Simply put, a sound mind promotes a sound body. Ever seen a person who is always angry, has nothing but hate and spiteful words for anyone around him/her? After years of that kind of attitude, it shows in the face and in the state of his health.

Are you going to define "spirit" or not, like I asked? You threw it in here. Tell me what it is, I really want to know.

The bible verses are thoroughly unimpressive, tbh. It's like saying "don't eat poison, or you will die" in Hebrew prose. Profound indeed...

 

KSMB wrote:
janedoe401 wrote:
Dimentions of Noah's Ark - though ancient stories of the flood abound, it is ONLY in the Bible where detailed dimentions of the Ark are given. Modern shipbuilding technology recently proved that the Ark, when built to Biblical specifications, would be unusually stable and would be most suitable for a flood.

Lies. It most certainly does not. Back your statement up.

janedoe401 wrote:
Noah’s Ark was the focus of a major 1993 scientific study headed by Dr. Seon Hong at the world-class ship research center KRISO, based in Daejeon, South Korea.

http://www.worldwideflood.com/ark/hull_form/hull_optimization.htm

I hope that you will take the effort to actually read this, since this highly specialized study proves beyond reasonable doubt that Noah's Ark is indeed seaworthy. If, however, you are NOT convinced and still think that the ark would NOT be seaworthy, then i will have to ask you back YOUR statement with scientific proof.
Fantasic. You've given a link which shows that an imaginary vessel could be seaworthy. I am breathless. It's also published by answersingenesis, which has as much science in it as ICR. I guess I should have been more specific. There is no evidence for a world wide flood. You have to present some if you want to convince somebody. If you can do that, I'll happy concede your were right. Next, show me how this boat could have contained at least two each of all species on Earth. I am interested how they dealt with the 2600 species of termites, specifically the ones that eat wood.

janedoe401 wrote:
I hope that this would be satisfactory.

KSMB wrote:
It isn't. You have not produced anything even remotely valid.
janedoe401 wrote:
I did. You just did not bother to look up the links and information i've shown you.
Stop assuming. I checked out your links and concluded they said nothing of value. I expect the same curtosy when I start pasting links on what science actually has to say.
janedoe401 wrote:
If indeed you were interested in finding truth, you would have checked up on those links and shown me point by point where i was wrong and not use generalized statements broadly dismissing everything as irrelevant.
Again with the projection. Your websites already had their conclusion set up, then they searched for vague enough bible verses to compare to actual scientific knowledge (they even failed making valid comparisons). That process of assuming your conclusion as true with no evidence renders the whole thing invalid. What is asserted without evidence can be disgarded without evidence.

Edit: corrected the numbers in my estimate.

 

[MOD EDIT - fixed quotes] 


janedoe401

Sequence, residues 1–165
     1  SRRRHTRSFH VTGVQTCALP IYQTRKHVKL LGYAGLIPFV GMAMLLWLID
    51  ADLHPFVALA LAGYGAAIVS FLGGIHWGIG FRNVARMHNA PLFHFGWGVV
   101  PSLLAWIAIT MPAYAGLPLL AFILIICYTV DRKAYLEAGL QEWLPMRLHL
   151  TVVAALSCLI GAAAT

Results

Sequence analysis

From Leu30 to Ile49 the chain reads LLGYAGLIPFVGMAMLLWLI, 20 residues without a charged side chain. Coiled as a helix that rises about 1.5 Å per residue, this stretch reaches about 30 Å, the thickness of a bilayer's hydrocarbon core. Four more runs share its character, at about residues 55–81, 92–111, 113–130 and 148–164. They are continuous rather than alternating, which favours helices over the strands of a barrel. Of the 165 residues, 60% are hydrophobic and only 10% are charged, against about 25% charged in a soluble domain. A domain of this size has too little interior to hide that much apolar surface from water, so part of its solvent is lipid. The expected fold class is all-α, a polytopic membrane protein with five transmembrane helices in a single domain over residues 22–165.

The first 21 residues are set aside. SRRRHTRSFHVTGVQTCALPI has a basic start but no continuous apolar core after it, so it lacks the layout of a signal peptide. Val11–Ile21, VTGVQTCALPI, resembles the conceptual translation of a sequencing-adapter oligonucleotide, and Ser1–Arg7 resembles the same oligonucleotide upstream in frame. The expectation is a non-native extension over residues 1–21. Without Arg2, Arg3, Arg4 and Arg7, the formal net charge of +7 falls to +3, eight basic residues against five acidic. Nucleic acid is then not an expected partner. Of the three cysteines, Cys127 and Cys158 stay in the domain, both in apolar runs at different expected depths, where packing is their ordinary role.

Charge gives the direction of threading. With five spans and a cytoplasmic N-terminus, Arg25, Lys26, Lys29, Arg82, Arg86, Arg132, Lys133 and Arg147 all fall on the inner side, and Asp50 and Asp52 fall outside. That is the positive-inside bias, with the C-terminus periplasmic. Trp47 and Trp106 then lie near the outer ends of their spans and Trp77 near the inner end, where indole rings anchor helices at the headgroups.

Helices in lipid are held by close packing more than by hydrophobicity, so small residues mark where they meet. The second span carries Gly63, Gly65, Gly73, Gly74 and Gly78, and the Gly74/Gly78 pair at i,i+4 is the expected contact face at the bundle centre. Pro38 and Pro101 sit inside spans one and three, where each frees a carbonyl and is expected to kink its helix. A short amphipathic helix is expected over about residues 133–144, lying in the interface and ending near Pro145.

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Posts: 5
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Grettings! Sorry for the

Grettings! Sorry for the delay in reply. Been rather busy lately.

KSMB wrote:

You're right, but you fail to recognize that the lack of understanding lies with the people who wrote the bible.

Weeellll... that is your point of view.

KSMB wrote:

So you assert, and this is incorrect. The wealth of information (which is supplied to you and me by science, btw) shows that the people who wrote the bible knew very little. As an example, I offer that the Genesis creation stories (there are two... iffy) both contradict almost everything which is known about the formation of the universe, earth and the evolution of life.

Not really. For example, an examination of the human body shows that ALL elements found in it can be found in soil as well. This is consistent to the statement "GEN 2:7 Then the Lord God formed man of dust from the ground, and breathed into his nostrils the breath of life; and man became a living being."

Next, even according to science, life started in the ocean. Well, guess what living things God created first?

GEN 1:20 ¶ Then God said, "Let the waters teem with swarms of living creatures, and let birds fly above the earth in the open expanse of the heavens."

Also according to science, man came out last. And guess what? Man was also the last living creature God created.

KSMB wrote:
Wait, you're offering up something which isn't done as "evidence" of fulfillment? This is not how science works, this is how ignorance and delusion works. Your conclusion here begs the question.

Actually, no. I was offering the STATEMENT as evidence. Even before man was aware that there were actually trillions of stars, (possibly even more) the Bible already equated their number with that of the number of grains of sand in the seashore.

KSMB wrote:

Let's look at what it would mean though, if fulfilled. Let's say that the descendants of David do multiply to the estimated number of stars (1022). If spread out evenly over the Earth, each person would have an area to live on which would be ~10-7 m2. This is smaller than a fraction of a square millimeter, the size of a pinhead. This is evenly over all of Earth, oceans, deserts, mountains included. Of course, the limit sets in far before this, due to limits in resources. So let's hope this one isn't fulfilled, shall we?